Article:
Muntinlupa Rep. Rodolfo Biazon said the constitutional ban on foreign military bases is not absolute. “We need it (EDCA) to protect our territorial interests in the West Philippine Sea in the face of the creeping aggression from the Chinese,” he said.
EDCA is complementary to the 1949 military assistance agreement, the 1951 Mutual Defense Treaty, and the 1999 Visiting Forces Agreement, he added.
The House of Representatives committee on national defense and security chairman said the Senate will determine whether EDCA would need ratification and the House will check whether public funds need to be appropriated to implement the pact.
“The House will have to step in if public funds are involved, for instance the structures or expenses that need to be done to implement the agreement,” he said.
Eastern Samar Rep. Ben Evardone said the executive branch must disclose to Congress the contents of EDCA to make sure that it benefits the national interest and does not violate Philippine laws.
“There is a need to strengthen our ties with our military allies in the light of the growing tension in the West Philippine Sea with China,” he said.
Iloilo Rep. Jerry Treñas said EDCA is necessary to ensure that the country’s sovereign interests in the West Philippine Sea are continuously protected. “The mere presence of the US military in the Philippines can be considered already as a deterrent against any armed offensive in our territories now being the object of China’s land grabbing binge,” he said.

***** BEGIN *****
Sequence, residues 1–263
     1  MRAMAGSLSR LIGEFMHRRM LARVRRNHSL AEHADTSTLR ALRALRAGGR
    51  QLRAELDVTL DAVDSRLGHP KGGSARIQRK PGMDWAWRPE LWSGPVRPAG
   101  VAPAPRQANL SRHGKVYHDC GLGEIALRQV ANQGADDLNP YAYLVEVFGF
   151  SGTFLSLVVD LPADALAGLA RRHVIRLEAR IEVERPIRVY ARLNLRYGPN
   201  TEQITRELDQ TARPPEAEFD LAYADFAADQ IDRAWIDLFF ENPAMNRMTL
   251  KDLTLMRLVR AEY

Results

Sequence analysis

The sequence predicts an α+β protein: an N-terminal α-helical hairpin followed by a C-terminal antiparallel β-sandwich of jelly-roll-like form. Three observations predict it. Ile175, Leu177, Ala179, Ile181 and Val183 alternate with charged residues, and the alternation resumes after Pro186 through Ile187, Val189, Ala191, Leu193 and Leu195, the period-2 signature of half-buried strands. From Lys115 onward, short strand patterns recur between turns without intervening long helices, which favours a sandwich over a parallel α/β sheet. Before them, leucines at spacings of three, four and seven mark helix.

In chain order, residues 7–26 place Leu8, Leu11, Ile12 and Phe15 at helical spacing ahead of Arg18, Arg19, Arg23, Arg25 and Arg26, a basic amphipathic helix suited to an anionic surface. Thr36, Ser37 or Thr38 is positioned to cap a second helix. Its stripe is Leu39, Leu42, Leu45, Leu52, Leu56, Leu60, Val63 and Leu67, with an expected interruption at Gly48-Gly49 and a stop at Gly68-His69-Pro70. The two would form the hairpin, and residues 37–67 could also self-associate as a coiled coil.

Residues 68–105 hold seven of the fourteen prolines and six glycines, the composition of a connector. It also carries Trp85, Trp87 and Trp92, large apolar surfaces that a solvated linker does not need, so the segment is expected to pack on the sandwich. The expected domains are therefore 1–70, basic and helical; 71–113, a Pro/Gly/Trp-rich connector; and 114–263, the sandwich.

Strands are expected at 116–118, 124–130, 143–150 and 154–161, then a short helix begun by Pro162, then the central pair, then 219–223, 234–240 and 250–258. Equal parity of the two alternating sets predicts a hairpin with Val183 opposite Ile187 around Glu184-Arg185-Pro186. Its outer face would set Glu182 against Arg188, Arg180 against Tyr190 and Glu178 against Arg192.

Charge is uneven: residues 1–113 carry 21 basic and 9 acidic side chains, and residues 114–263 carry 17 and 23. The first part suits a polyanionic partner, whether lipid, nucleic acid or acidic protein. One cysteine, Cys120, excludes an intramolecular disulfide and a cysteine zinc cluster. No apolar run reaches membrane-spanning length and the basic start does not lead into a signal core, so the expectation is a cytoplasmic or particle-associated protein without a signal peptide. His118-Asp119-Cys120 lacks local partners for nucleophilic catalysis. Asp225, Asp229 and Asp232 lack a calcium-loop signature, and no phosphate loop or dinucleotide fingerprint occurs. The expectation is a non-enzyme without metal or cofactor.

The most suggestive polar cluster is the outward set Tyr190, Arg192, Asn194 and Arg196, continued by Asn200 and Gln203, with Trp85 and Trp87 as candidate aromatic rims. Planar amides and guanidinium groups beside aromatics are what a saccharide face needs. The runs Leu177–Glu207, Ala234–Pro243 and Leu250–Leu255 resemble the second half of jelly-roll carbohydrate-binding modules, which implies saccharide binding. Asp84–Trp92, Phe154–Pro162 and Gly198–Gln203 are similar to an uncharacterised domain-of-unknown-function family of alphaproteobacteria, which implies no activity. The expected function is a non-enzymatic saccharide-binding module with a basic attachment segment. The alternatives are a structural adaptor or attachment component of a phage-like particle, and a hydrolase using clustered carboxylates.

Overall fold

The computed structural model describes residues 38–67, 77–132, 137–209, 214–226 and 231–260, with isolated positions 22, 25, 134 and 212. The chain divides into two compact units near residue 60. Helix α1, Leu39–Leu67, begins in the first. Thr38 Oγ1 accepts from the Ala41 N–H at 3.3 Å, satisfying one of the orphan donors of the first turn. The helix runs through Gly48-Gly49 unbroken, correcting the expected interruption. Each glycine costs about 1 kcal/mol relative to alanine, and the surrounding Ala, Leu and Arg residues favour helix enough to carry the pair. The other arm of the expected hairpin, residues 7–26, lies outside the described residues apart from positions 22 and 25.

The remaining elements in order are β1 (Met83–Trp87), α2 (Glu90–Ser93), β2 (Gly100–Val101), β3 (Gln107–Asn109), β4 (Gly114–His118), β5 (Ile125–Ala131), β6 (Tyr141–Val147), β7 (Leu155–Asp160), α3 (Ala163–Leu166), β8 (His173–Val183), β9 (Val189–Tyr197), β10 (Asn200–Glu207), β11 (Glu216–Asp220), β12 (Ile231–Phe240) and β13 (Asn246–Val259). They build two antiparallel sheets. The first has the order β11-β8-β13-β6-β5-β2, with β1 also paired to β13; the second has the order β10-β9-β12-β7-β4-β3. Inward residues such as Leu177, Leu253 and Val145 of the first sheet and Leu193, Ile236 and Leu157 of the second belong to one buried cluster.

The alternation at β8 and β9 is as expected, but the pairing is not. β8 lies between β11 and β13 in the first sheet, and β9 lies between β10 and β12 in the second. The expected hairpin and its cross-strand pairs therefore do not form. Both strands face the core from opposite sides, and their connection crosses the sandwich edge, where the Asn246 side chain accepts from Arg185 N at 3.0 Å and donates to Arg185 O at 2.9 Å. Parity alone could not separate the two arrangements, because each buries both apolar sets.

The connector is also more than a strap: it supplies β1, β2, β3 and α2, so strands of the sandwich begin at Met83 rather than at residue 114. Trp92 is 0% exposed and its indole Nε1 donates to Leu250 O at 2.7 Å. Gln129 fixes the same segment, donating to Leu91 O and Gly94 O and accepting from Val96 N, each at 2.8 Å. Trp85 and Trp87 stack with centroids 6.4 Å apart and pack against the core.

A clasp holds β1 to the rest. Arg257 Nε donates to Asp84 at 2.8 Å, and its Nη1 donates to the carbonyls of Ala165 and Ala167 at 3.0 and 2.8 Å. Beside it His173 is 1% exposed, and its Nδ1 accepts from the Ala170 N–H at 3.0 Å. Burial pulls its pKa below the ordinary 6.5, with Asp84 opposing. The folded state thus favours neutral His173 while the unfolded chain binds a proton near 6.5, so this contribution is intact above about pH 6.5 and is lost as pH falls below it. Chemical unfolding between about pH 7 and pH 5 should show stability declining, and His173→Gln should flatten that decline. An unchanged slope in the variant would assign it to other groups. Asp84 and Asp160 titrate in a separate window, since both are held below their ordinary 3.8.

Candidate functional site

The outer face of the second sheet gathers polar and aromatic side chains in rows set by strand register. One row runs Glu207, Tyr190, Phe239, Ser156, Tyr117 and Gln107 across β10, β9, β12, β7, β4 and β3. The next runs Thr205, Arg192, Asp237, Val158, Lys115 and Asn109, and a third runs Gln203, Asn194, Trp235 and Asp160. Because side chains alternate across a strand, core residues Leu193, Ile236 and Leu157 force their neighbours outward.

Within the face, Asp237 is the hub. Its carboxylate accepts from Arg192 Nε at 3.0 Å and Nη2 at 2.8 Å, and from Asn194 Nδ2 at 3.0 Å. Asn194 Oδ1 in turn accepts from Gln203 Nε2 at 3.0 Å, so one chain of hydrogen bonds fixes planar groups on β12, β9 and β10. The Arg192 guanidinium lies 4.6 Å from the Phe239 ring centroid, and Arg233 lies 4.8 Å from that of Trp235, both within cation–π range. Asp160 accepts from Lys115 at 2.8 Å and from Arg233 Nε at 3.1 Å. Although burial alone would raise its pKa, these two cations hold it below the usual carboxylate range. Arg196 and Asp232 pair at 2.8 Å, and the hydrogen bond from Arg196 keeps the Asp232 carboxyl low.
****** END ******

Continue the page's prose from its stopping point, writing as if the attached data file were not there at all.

EDCA is a simple expansion of the Mutual Defense Treaty and may no longer require the ratification of Congress, Treñas said.
Akbayan Rep. Walden Bello said the administration missed a golden opportunity to secure the country’s sovereignty and national interest from the superpower games between the US and China.
“We believe that, with the signing of this agreement, the very sovereignty that the government hopes to secure from our regional adversary was surrendered to an old and more scheming global power. This agreement also severely undermined Philippine territorial integrity beyond the West Philippine Sea,” he said.
Aquino cautioned on talks with Obama
Archbishop of Iloilo Angel Lagdameo believes President Aquino must exercise caution in discussing with US President Barack Obama US military bases in the country.
“We give President Obama our Filipino hospitality,” he said. “We pray that they will be prudent about deciding to have a US military presence.”
Bishop Dinualdo Gutierrez of Marbel, South Cotabato opposes the signing of the EDCA. “Poverty is the priority, not military alliance,” he said. “Peace is based on truth, justice, love and freedom. Before the Visiting Forces Agreement, now expanded VFA. Later mobile US military bases. Finally, the Constitution will be revised to allow permanent US military bases.”
The National Council of Churches in the Philippines (NCCP) also opposes an agreement allowing more US troops, aircraft and ships in Philippine military camps. “We understand that the new agreement is in line with US military, economic and political influence and interest in the Asian region,” the NCCP said. “The military agenda of the US is closely tied to its economic agenda of extracting resources and wealth from the region and ensuring trade relationships. These are not to the best interest of the less developed countries.